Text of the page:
Time to Court Lower-Income Shoppers

Articles
October 07, 2010

Time to Court Lower-Income Shoppers

Middle- and higher-income shoppers may represent a bigger pie to pursue, but retailers that develop micro-segmentation strategies to court lower-income shoppers will capture a share of their $115 billion incremental spend over the next decade, suggests new SymphonyIRI Group research called The Lower-Income Shopper Report.

Middle- and higher-income shoppers may represent a bigger pie to pursue, but retailers that develop micro-segmentation strategies to court lower-income shoppers will capture a share of their $115 billion incremental spend over the next decade, suggests new SymphonyIRI Group research called The Lower-Income Shopper Report.

Retailers can’t ignore these shoppers – not with comp sales hard to build and with people in every income tier looking to save, and with food prices anticipated to rise, observes The Lempert Report. To succeed with them requires a firm grasp of the behavioral and attitudinal differences across five groups:  Hispanic households, African-American households, young households age 25-34, older/senior households age 65 and older, and households with children.

First, a couple of general points from the report:

  • More than half of shoppers overall make unplanned purchases during store visits, but 49% of lower-income shoppers are likelier to track spending during the trip and resist on the fly vs. 38% of higher-income shoppers.
  • Over the past two years, half of lower-income shoppers said they cut discretionary spending to be able to afford food-beverages and healthcare. For instance, the clothing/shoes spend fell 43% while purchases of the latter items rose 31% and 27%.

“Many retailers and manufacturers take a one-size-fits-all approach to reaching lower-income shoppers, but…a mass market view of these shoppers will not be enough to win their loyalty,” notes Sean Seitzinger, partner, Symphony Consulting, SymphonyIRI Group.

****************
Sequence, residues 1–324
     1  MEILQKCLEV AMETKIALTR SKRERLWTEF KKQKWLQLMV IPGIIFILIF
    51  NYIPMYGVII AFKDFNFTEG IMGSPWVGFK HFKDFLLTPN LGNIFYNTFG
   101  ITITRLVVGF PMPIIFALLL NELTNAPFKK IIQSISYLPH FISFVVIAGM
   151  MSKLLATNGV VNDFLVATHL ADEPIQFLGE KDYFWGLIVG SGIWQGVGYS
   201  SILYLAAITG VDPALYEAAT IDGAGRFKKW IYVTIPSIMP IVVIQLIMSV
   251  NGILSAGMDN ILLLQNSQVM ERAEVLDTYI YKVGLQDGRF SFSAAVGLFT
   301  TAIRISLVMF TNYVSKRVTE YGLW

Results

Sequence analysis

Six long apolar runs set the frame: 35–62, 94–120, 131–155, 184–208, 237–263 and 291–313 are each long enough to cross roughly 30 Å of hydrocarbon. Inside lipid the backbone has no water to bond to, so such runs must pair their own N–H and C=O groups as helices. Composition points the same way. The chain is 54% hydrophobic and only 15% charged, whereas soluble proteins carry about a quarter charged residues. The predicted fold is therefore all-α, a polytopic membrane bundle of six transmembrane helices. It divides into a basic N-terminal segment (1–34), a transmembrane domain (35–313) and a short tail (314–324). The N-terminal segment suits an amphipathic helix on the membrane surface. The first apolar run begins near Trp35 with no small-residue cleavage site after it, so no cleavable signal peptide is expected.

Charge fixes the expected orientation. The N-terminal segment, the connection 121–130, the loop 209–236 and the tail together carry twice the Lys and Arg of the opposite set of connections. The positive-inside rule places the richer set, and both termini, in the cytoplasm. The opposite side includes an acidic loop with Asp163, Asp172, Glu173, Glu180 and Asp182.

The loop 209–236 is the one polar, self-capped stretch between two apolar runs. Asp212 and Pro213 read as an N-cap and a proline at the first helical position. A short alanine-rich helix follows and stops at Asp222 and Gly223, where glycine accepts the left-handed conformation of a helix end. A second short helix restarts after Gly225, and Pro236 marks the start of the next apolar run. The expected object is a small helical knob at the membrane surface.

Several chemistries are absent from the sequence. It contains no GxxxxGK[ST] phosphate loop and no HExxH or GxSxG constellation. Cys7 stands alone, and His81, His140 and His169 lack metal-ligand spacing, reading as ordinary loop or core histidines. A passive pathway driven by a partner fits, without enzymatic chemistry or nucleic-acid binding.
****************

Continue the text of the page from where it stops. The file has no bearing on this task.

Here are some distinctions among the lower-income segments:

  • Three in 10 older shoppers (29%) think name brands are worth the extra price over private label vs. 46% of African-Americans who believe this. Also, 70% of households with children will brand switch to save money vs. 60% of African-Americans.
  • “Good value for the money” is a key determinant in where 96% of older shoppers shop vs. 87% of Hispanic households and 86% of younger households.  Ethnic/specialty food variety matters to 61% of younger shoppers vs. 48% of older households.
  • Their approach to health also varies. Eating healthy is key to 76% of older households vs. 65% of younger households. Better-for-you food attributes matter to all, but older households focus primarily on whole grains/high fiber and weight management vs. Hispanics who skew toward natural foods, super foods and protein-enriched foods.

Retailers could feast on this low-hanging fruit by applying direct strategies to draw in the lower-income shoppers they know are in their stores.